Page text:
Seeing a therapist offers you the chance to speak to someone who is trained to listen, understand, and empathise. It is a space for reflection on your life and relationships. In essence, therapy offers you the chance to be more open to feelings and thoughts. Therapy is not a one-stop shop for answers or results, it is however a space where you can search deeply into your self to develop understanding, and ultimately live a life that feels more real and connected.

In closing

It is the nature of society to tell us that self-exploration is selfish, that we should consider the lives of those in a worse position than ourselves before we begin to think about our own life. Of course, talking about ourselves to others for extended periods of time, can be self-indulgent, however seeking to better understand ourselves and our lives is not. This is the key difference in therapy.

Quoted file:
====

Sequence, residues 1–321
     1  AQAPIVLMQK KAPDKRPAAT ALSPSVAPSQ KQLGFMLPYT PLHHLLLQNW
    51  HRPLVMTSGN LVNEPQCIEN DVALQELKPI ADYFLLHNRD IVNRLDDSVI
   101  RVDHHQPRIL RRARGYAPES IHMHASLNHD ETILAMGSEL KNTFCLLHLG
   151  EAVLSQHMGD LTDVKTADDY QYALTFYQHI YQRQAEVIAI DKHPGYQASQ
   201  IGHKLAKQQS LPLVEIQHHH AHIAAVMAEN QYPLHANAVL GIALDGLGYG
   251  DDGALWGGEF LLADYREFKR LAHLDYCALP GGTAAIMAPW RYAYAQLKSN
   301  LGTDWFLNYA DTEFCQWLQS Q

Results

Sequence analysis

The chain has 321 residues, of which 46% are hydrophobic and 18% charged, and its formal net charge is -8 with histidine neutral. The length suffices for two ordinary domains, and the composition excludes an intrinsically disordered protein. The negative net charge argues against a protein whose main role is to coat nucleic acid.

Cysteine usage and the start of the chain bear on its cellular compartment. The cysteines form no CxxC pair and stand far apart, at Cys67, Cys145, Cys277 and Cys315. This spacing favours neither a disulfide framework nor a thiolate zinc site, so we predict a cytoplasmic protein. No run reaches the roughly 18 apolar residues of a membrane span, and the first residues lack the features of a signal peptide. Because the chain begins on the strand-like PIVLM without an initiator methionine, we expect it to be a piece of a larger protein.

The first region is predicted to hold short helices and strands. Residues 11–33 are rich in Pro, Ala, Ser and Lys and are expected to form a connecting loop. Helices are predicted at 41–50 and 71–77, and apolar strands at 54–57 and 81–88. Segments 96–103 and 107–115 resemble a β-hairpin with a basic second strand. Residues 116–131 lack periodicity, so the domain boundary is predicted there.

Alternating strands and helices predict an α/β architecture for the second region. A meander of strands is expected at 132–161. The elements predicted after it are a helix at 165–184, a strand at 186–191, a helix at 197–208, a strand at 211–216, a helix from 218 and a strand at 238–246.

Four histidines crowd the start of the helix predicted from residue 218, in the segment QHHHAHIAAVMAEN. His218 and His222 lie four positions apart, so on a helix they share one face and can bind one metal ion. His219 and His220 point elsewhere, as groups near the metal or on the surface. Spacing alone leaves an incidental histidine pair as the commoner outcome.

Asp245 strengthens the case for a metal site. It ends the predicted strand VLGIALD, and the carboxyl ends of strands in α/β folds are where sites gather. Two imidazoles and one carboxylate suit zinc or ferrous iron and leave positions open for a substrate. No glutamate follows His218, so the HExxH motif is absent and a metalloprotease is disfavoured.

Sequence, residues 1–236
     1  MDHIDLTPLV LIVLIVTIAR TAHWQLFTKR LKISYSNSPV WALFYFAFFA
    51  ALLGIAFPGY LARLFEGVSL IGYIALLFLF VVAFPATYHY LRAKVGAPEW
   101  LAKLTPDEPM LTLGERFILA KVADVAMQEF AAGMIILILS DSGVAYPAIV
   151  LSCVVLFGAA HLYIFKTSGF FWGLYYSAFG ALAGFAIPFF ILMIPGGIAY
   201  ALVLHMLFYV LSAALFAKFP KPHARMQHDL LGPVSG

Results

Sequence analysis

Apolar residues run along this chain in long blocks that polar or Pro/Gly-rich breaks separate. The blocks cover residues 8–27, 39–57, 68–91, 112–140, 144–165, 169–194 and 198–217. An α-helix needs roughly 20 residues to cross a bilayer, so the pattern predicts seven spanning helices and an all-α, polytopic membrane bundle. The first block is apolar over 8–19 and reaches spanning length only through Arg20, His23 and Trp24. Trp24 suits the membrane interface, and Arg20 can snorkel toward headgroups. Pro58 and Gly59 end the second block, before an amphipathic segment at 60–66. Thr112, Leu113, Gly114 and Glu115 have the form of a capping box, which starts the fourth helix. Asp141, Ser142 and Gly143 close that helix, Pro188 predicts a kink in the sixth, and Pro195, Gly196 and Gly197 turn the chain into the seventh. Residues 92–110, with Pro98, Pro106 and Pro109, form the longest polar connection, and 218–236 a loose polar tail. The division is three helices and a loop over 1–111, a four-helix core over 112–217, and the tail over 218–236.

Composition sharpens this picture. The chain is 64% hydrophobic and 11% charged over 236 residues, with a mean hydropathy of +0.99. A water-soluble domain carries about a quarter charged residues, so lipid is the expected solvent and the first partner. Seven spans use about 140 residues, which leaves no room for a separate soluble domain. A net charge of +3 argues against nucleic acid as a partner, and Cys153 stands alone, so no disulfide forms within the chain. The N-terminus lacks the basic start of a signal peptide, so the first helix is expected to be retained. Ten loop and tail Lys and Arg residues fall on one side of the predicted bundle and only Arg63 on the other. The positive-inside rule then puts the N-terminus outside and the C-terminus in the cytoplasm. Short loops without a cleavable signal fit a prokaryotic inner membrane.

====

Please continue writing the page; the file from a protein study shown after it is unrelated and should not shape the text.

It is highly important to consider the world around us, and what happens for others, but our own internal world, and progression through life does truly matter. The opportunity to think freely about our life and what matters to us is something that should not be devalued or considered self-indulgent.

The views expressed in this article are those of the author. All articles published on Counselling Directory are reviewed by our editorial team.

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London N6 & NW5
Written by Joshua Miles, BA, MSc, BPC, BACP Accredited Psychodynamic Psychotherapist
London N6 & NW5

Joshua is an experienced Integrative Therapist & Bereavement Counsellor who works with a wide range of issues such as loneliness, isolation, depression, relationship difficulties and anxiety. He also has particular expertise working with sudden or abrupt loss, and has helped many people work through the pain of their loss. He is based in Shoreditch